Today, when fuel prices are soaring without any no end in sight, and urban air pollutants sometimes make a walk in the city impossible, finding greener methods of transport is not just a slogan held high by green parties and bicycle-riding hipsters, but has become a goal that must be achieved.
Bioethanol - overtaxed
Only two years ago, the Hungarian media was full of reports about motorists installing E85-transformers in their fuel systems and of the growing demand of corn-based biofuel at petrol stations all over the country. But as the government, persuaded by the European Commission, tries to fill in gaps in its budget with new taxes and contributions, the excise duty on E85 biofuel has grown in two steps from zero to a gross HUF 89 over a period of just six months.
“Demand for bioethanol decreased dramatically among Hungarian motorists, by about 60% due to the excise duty increase,” said Demeter Héjj, president of the Hungarian Bioethanol Association. “However, I am pleased to note that there is a segment of environmentally conscious consumers who stand by bioethanol although E85 (a fuel mix that consists of 85% bioethanol and 15% gasoline) is no longer cheaper than conventional gasoline,” he added.
Those who were looking for some kind of viable replacement for the non-renewable crude oil products were always somewhat on the edge with E85, as even at a price one-third lower than gasoline, the much more modest energy content of E85 equalized the price difference.
Hungarian regulations make no difference between conventional gasoline-driven vehicles and flexi-fuel cars. Due to this anomaly, there are no official numbers on Hungarian flexi-fuel cars; however, according to market research and car dealer information, a couple of thousand factory-fabricated flexi-fuel cars are running on Hungarian roads, along with approximately 10,000 retrofitted cars.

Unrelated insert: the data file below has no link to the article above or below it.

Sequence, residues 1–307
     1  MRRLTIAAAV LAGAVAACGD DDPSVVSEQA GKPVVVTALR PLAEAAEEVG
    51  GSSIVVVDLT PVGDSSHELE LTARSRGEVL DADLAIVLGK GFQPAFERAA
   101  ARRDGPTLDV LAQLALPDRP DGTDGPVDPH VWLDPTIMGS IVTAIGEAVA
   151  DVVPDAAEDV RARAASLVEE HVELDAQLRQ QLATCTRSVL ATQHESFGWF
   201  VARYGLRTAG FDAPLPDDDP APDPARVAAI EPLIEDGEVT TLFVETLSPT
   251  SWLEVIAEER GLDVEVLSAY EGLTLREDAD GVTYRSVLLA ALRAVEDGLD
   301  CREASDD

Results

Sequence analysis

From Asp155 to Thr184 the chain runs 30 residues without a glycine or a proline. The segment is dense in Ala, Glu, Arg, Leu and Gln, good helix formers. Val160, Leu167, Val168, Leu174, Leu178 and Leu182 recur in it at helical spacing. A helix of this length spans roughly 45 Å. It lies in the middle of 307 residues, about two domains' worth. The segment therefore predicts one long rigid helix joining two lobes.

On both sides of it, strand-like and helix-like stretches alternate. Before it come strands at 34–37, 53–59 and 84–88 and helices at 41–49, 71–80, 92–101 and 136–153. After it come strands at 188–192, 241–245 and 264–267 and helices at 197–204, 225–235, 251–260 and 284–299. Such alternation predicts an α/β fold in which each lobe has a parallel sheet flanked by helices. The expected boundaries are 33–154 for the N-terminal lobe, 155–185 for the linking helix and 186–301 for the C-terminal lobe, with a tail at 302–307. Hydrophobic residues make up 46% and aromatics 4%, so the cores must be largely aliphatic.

In the peak period last year, sales of E85 represented 2% of all fuel sales in Hungary, but the figures have fallen since the tax changes. However, thanks to an EU directive, all fuels in Hungary contain at least 4% bioethanol. Domestic production of the fuel has no fallen along with its use, however. Last year, only the Hungrana plant in Szabadegyháza was able to refine biofuel, where approximately 150 metric tonnes were produced. This year, now that a Pannónia Ethanol Zrt plant has opened in Dunaföldvár, production could reach 350 tonnes. According to estimates by the Hungarian Bioethanol Association, the vast majority of bioethanol produced in Hungary is sold on foreign markets.
Electric cars - the future is here?
The use of electric vehicles plays an increasingly greater role in Hungary, but this mode of transportation will still need many years before it achieves a significant share in general public acceptance. First of all, environmentally conscious companies have to show a good example in getting one step closer to a carbon-free future.
In September 2010, the Elmű-Émász Group opened its first electric charging station in front its headquarters on Váci út in Budapest. By now, eight such units can be found around the country. (Until the end of 2013, Elmű provides electricity free of charge at its power stations.) The company owns five electric cars and the members of the E-Mobility Network, formed in the summer of 2011, operate another five vehicles. The network is composed of car dealers and manufacturers along with companies that purchase electric stations and vehicles. “The common platform aims to play a catalyst role in popularizing electric transport, gathering around itself environmentally conscious companies that are sensitive to issues of environmental protection,” said Zoltán Nagy, managing director of Magyar Áramszolgáltató Kft. Members include ABB, BKK, Ernst & Young, GA Hungary, Geometry, the Hungarian Automobile Club, Kábel Team, North Castle Co., the Tonic Advertising Agency, and SAG.